Wednesday, 3 June 2015

Splinter of the Mind's Eye

Alan Dean Foster Splinter of the Mind's Eye (1978)
Yes, I know, but I used to gaze at this as it sat on the shelf amongst all those other lurid science-fiction titles in the little room with the books at the rear of Martins newsagent, from which I dispensed my paper round. This was the pre-VHS age, back when it was only really possible to relive the moving image by reading the book. I was twelve or thirteen and my mind boggled at the possibility of there being a book comprising an as yet untold tale of Luke and Leia and the rest, something which wasn't a film but seemed more legitimate than a comic strip, particularly when that comic strip involved a giant green rabbit; but being a novel and therefore short on pictures, it was War and Peace so far as I was concerned, as were most books not featuring the adventures of that mysterious traveller in time and space known only as the Doctor. Splinter of the Mind's Eye was for bigger boys, and so I never bought it or read it; and found it difficult to resist when I saw this copy more recently, seeing as how I am now myself a big boy.

Rummaging around in the February 1980 issue of Amazing Stories, as you do, I find an article on Alan Dean Foster in which Tom Staicar writes:

George Lucas contacted Foster to work with him on the story to be used as the sequel film. At that time, Lucas had to be cost-conscious about special effects requirements as it was not yet known whether Star Wars would break even or not. The writer was told to keep expensive starships and planetary vistas to a minimum and, with this in mind, Foster and Lucas developed the story.

So this would have been the second film had the first one gone tits up. I read The Empire Strikes Back as a comic book adaptation, and I'm almost certain that I've seen the film several times, but I still can't remember a fucking thing about it beyond lots of snow and freeze-dried Han Solo, so I'm not sure this wouldn't have been the better film; although of course all of this is predicated upon one regarding Star Wars as something other than a steaming pile of horse shit in the first place, and I go back and forth on that one.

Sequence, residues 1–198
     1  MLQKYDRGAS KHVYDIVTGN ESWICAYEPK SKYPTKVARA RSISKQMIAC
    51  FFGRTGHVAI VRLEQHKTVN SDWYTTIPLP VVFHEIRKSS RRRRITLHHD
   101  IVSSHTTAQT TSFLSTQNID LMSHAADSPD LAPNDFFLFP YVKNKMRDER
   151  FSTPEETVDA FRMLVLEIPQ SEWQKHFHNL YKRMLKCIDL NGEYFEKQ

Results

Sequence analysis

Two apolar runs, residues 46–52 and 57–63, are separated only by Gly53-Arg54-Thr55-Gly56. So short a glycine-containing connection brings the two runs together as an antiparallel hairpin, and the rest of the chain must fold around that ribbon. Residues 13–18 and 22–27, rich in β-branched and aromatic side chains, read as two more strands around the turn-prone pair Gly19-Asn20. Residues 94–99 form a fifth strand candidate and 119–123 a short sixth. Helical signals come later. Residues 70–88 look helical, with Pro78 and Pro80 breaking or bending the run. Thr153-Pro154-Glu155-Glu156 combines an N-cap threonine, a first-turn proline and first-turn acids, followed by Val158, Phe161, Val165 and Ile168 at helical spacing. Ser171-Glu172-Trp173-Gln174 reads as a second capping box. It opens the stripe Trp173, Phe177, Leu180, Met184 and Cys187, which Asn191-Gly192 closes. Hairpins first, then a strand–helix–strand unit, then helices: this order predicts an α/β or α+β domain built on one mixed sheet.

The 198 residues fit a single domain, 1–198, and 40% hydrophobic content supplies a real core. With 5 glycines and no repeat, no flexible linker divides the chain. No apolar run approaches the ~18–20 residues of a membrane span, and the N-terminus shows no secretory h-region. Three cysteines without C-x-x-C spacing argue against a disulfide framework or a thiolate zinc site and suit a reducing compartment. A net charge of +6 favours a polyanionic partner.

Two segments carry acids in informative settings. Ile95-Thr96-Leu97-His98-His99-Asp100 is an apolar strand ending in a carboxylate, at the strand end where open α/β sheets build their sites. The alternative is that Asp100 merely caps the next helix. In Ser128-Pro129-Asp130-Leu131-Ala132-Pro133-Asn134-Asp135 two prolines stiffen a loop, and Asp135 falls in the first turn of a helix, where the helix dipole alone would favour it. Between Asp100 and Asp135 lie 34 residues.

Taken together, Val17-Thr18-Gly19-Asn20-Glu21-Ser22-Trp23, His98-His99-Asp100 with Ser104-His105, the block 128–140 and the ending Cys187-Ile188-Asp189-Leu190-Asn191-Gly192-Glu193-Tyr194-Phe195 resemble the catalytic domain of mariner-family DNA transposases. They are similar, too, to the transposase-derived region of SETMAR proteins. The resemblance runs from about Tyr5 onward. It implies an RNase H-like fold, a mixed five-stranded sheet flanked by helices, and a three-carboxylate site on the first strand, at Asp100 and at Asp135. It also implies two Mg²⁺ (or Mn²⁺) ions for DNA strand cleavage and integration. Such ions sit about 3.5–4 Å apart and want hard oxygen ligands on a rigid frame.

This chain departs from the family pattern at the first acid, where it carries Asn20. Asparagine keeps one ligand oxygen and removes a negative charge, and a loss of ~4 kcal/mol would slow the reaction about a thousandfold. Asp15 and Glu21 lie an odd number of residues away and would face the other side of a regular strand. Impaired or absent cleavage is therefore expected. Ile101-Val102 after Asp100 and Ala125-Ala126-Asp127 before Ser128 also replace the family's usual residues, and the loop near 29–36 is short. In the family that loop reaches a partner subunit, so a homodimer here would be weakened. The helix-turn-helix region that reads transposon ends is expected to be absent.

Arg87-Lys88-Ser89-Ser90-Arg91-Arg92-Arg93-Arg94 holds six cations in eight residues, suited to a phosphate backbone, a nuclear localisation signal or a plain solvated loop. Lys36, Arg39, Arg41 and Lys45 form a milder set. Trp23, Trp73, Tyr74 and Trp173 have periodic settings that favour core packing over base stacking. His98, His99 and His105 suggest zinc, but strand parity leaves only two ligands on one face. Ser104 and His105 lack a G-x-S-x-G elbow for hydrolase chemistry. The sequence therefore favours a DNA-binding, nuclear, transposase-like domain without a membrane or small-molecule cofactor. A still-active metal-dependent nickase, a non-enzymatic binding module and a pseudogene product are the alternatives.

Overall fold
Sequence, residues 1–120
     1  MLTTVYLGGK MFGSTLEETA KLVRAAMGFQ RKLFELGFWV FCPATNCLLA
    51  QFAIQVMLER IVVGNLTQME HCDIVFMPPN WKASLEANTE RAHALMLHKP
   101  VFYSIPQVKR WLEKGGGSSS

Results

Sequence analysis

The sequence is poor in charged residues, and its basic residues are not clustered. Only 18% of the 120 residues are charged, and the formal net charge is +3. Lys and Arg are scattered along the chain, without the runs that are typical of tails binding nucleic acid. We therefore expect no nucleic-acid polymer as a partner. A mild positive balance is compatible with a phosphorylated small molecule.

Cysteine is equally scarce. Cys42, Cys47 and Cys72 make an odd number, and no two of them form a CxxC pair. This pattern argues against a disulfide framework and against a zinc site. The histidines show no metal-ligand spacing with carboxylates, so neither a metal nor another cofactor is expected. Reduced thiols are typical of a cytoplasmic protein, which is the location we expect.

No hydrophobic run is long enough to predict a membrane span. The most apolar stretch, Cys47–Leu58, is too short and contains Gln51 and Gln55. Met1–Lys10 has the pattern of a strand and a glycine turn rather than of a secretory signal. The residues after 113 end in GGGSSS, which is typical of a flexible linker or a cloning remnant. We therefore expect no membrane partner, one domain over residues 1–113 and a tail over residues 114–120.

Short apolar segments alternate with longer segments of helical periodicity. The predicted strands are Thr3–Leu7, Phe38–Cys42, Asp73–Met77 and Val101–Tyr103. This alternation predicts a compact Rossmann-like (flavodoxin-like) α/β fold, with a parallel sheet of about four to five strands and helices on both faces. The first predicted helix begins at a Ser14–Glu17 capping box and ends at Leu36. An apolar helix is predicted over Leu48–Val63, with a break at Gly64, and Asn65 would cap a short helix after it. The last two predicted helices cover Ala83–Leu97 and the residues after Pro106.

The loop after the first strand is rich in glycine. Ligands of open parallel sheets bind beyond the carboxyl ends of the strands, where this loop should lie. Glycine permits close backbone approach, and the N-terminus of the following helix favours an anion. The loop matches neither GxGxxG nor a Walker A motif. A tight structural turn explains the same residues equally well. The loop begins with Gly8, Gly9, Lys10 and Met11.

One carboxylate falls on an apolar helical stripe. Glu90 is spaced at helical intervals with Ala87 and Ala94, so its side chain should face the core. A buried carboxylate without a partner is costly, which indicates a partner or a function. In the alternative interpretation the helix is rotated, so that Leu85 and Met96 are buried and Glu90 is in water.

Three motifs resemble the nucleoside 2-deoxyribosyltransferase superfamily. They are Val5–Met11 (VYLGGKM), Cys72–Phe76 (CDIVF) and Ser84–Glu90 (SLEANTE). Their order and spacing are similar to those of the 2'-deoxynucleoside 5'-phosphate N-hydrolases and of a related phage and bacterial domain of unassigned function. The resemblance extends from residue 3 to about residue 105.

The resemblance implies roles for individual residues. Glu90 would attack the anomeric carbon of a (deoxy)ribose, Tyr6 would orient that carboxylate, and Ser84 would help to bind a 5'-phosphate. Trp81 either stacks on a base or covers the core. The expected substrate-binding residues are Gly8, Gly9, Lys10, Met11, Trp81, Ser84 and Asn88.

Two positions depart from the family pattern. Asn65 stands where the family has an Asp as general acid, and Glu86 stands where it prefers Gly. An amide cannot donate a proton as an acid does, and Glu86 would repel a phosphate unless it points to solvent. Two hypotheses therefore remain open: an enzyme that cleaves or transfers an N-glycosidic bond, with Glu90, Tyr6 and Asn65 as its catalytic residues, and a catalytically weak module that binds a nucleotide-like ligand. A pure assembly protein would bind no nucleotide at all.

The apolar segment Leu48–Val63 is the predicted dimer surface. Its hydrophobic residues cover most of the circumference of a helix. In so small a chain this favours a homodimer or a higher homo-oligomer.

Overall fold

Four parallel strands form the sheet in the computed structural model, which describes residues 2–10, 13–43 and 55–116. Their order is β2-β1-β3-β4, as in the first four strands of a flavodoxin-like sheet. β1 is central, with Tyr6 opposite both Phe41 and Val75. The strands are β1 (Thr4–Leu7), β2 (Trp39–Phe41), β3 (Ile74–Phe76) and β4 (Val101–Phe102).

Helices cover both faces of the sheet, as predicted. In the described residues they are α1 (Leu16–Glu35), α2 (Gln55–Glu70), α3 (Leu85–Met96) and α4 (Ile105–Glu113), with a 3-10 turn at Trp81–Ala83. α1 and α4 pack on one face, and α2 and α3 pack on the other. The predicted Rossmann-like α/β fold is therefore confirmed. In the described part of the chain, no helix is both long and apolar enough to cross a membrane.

One consideration which becomes apparent whilst reading Splinter of the Mind's Eye is that Star Wars is fine as a film, and it really doesn't need to be a book. I still think it's a shame how its arrival more or less killed off the thoughtful, largely dystopian science-fiction movie of the seventies, replacing it with a Dorito-chugging blockbuster narrative amounting to Flash Gordon with knobs on, condemning us all to forever experience mainstream culture as something aimed at a twelve-year old; which was never really the fault of Star Wars itself which, as a film, promised only certain specific things and did them extremely well. It was Flash Gordon, but Flash Gordon treated as a biblical epic of the fifties or sixties. As such, it never really needed to be deep or meaningful with well-rounded characters, because epic was the whole point.

This, I would suggest, is why it doesn't quite work on the printed page, or at least doesn't for me. Splinter of the Mind's Eye is pretty much a sword and sorcery quest narrative, much like Star Wars itself, in which Luke and Leia hear about a powerful gemstone which amplifies the Force, and set out to obtain the gemstone only to be thrown in prison by the local big imperial cheese on this swampy, jungle planet, but he throws them in the same cell as these big, hairy monsters, hoping the big, hairy monsters will either eat or shag them, but Luke used to read about big, hairy monsters when he was growing up on Tatooine and so he knows their language and so they team up and the big hairy monsters bend the bars of the cell and they get away and go to look for the gem, and they have roughly the sort of adventures which befell Frodo Baggins before locating the gem, but someone has grassed them up to Darth Vader who decides that he also wants the gem, and some other stuff happens. Luke occasionally looks at Leia's bum as she's bending over to pick something up and thinks Cor! I wouldn't half like to have a snog with her because he doesn't yet know she is his sister, and Leia occasionally complains about getting her princess clothes all muddy, and the little, fat robot makes an electronic farting noise and the English robot says that he shouldn't have to put up with it, and I realise I probably should have read the thing when I was twelve and better able to appreciate it.

Splinter of the Mind's Eye isn't bad, although it may be significant that I'm left without any real idea of why it should be called Splinter of the Mind's Eye. By the time he came into the orbit of George Lucas, Alan Dean Foster had acquired a reputation as someone who wrote fast and who understood the moving image. I suspect it would be unfair to call him a hack, just as it would be unfair to term Star Wars mass-produced generic science-fiction landfill, given that both date from an era in which some level of craft was still required. The narrative of the book was familiar even back in 1978, and as a novel it attempts to squeeze characterisation from characters with no real depth, but at the same time it's tightly written and efficient if lacking in surprises. Strangest of all, Splinter of the Mind's Eye has made me want to watch Star Wars again, which I suppose must count for something or other.

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